When asked why people listen to music, one of the most frequently heard answers is the way it makes them feel. It’s a similar story for composers, audio producers and songwriters: They started writing songs as a means of expressing feelings that they were otherwise incapable of sharing. Music conveys emotions that human beings are unique in their ability to tap into. Through it, we can better understand ourselves and each other.
If we can better understand emotion and how it plays into music, we as a society can learn how to be better; and audio producers everywhere can use this knowledge to better inform their work, to create pieces of music that truly move people in the deepest possible way.
What is Emotion?
If you’ve ever thought to yourself that your feelings for a loved one are complicated, you’re not alone. Even scientists haven’t come to an official consensus as to what emotion is, so it remains undefined. One way of describing emotion is as a biological state associated with behavior, feelings, and thoughts. It helps us to define what’s pleasurable and what’s not, an instinctive way to avoid things that are bad and seek out what helps us thrive.
If it weren’t for emotion, music would just be another sound rather than an integral aspect of our culture. It might have started as an evolutionary trait simply meant to keep us alive long enough to reproduce, but it’s now the human quality that allows us to create and appreciate music, like no other creature on Earth.
Happy, Sad, and Everything Else: The Many Moods of Music
Once you start exploring music theory and realize how deep the rabbit hole goes, it’s easy to see how there’s variety in the way music can make us feel. The first thing that most people associate with emotion when they hear a song or excerpt from a film score, is the pitch tonality. This, however, is just the tip of the iceberg. True, the types of chords played are a key element informing the audience of underlying emotion, but there’s so much more to this sound.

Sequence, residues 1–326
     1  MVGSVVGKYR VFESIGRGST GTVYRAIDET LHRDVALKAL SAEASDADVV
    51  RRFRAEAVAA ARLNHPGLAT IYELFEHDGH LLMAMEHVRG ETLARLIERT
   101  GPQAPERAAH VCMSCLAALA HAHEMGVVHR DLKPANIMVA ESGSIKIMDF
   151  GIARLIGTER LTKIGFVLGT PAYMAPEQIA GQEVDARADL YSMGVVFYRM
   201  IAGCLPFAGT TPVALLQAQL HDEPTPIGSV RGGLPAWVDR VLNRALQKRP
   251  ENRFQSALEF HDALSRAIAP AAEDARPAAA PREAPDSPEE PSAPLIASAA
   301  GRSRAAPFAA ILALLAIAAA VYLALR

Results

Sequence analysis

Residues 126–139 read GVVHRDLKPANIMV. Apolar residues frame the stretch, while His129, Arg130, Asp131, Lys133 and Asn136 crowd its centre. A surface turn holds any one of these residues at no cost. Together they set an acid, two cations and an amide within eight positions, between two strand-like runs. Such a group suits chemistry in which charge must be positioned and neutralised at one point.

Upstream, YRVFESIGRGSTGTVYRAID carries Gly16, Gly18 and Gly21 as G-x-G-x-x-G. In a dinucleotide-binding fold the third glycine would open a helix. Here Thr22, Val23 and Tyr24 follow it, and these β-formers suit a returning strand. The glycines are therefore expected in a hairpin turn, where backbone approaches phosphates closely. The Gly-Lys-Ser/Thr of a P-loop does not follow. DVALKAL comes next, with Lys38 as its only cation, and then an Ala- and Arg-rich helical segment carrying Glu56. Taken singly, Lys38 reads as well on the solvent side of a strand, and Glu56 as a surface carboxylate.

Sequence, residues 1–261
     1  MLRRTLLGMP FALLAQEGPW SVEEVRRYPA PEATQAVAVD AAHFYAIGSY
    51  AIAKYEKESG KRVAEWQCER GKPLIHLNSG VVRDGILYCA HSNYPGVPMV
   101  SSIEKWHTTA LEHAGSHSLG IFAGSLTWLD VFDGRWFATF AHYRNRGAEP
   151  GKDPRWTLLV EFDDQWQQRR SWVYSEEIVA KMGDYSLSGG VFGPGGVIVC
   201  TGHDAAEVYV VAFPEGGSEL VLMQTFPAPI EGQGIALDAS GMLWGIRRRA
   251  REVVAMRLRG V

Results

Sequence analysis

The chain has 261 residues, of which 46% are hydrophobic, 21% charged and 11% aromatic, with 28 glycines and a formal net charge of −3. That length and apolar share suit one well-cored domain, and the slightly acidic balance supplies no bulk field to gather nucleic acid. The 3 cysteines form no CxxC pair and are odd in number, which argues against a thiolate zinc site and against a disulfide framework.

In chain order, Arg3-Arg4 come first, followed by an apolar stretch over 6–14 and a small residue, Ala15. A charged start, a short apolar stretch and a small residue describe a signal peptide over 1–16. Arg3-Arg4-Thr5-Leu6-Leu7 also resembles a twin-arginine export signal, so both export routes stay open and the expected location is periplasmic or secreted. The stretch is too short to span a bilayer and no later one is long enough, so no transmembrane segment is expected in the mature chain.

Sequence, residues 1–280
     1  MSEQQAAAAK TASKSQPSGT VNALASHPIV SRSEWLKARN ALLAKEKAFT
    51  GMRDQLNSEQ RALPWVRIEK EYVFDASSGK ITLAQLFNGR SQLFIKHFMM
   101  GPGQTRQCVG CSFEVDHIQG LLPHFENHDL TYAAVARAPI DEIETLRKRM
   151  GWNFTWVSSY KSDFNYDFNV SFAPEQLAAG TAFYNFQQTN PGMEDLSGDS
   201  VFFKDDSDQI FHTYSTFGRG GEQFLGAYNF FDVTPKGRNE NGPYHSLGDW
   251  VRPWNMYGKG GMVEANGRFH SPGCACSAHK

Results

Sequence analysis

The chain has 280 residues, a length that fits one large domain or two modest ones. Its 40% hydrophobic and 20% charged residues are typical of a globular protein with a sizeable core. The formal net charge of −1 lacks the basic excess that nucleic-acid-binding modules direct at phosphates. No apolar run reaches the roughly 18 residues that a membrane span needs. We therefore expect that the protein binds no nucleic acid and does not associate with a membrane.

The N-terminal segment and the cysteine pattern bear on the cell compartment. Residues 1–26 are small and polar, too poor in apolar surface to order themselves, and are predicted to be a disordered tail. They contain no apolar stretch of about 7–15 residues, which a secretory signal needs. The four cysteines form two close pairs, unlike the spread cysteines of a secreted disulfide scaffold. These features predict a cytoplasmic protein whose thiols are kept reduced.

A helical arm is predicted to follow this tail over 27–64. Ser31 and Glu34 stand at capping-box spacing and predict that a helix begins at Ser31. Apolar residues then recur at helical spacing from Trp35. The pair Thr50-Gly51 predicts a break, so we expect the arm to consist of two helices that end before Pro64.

Dynamics and tempo can either add a sense of urgency or calm. If you’ve ever watched an epic fight scene or nail-biting car chase sequence with all the sounds and music cut out, you know just how drastically different the experience is. A prime example of this is the trailer for Tom Cruise’s Mummy movie. It was accidentally released featuring a plane crash sequence that had a stripped-bare soundscape: Only the occasional burst of wind and guttural yell from the actors could be heard, with the score and other sound effects completely left out. Just like that, what was supposed to be an intense and gripping scene turned into a confusing and ridiculous mess.
A well-placed crescendo can subtly tell the audience that things are ramping up and they should expect something big to happen at any moment. Whether that’s a killer revealing themselves or a romantic kiss finally happening, these gradual changes in the speed and volume of the score make the editor’s and director’s lives much easier. In many cases, if you try to imagine the most iconic romance scenes without their accompanying swelling orchestral themes, they might come across as a little bit awkward.
As far as tonality goes, in Western music, major chords almost always mean joy, success, and happiness, things going right in the movie, for the character in the song, or for the theme of the lyrics in general. Minor chords will commonly portray agony, sorrow, or despair. However, in both cases, they can be manipulated to add different flavors to that overall happy or sad feeling. Playing a minor chord with an upbeat tempo can suggest a melancholy yet hopeful vibe; major chords can be played aggressively to give an angsty, amped-up feel. The possible variations are endless when you have a full understanding of articulation, style, tempo, and technique at your disposal.
Beyond the basic major and minor triads, there are infinite combinations of overlapping tones that can elicit specific emotional responses. The minor second, for instance, two notes that are a half step apart, sounds almost unbearably dissonant; that’s why they’re a staple in horror movies, often played with sharp, abrupt, staccato, think of the shower scene in Psycho. On the other hand, the same notes played softly and built up slowly might be used to perfectly represent the tragedy that a character just went through.
Instrumentation is also key in bringing on a certain feeling. Traditional cultural instruments provide a unique voice that can quickly capture the audience’s or a listener’s heart, or the perfectly placed percussion is great for maintaining the intensity and momentum. Composers, audio producers and songwriters of all backgrounds have plenty to work with and even more to think about when focusing on the emotional side of their craft.